From your questions, you seem to be aware of this potential problem and are seeking the solution of entering the destination country using the Chinese passport with a visa for that country (since luckily it isn't a country of his nationality), and hiding his foreign passport. That could work, but it's a lot of hassle and you would have to do things consistently (e.g. enter and exit the UK using the Chinese passport, or in the future they could wonder why there are no stamps from the UK, etc.), and in general, it's not preferable to have to hide things from border officials.

  • Thank you for your very detailed explanation. I have already marked a different answer correct, since it gave a concise and direct response that answered my immediate enquiry, but I think I owe you a bit of background: My child was born in China and have a Chinese Hukou, to begin with we did not worry about registering him with the Danish authorities (knowing this could be done later). – user4436000 Jun 7 '16 at 1:03
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As you will have to apply for visa for your Chinese wife anyway, and you mentioned your son is a minor, he could come through as a dependent of her. That would eliminate having to fly through another country, and shouldn't increase hassle in terms of applications by much considering you have to do it anyway for your wife, and adding a dependent child shouldn't affect much.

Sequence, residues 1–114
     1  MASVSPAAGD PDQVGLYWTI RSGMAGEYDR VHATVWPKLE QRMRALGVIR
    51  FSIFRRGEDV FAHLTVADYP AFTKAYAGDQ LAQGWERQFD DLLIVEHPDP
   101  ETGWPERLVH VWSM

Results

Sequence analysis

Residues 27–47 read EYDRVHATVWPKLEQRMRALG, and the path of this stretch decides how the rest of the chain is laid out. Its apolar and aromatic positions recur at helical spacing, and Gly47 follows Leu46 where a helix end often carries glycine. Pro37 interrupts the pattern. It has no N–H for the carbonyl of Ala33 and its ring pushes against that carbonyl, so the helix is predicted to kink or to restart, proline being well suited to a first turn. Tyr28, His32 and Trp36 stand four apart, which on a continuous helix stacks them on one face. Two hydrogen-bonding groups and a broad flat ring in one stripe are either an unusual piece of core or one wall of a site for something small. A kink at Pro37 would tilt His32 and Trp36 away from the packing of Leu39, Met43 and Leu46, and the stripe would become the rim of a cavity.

As a side note, I do not understand why you can't just use your Chinese passport to leave China, and then just use the Danish passport at UK immigration.

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    Re side note: One problem would be to get the airline to allow boarding in China without being able to show a visa or a passport that one can enter the UK on. – Henning Makholm May 30 '16 at 9:22
  • @HenningMakholm ahh right, didn't realise they checked that. That makes a lot more sense now, thanks. I still think the first part of my answer would work, unless I am missing something... – Joel Damien May 30 '16 at 9:23
  • "I do not understand why you can't just use your Chinese passport to leave China, and then just use the Danish passport at UK immigration" Because Chinese border controls check that you have the documents to enter the destination country, or they won't let you leave China. – user102008 Jun 3 '16 at 7:19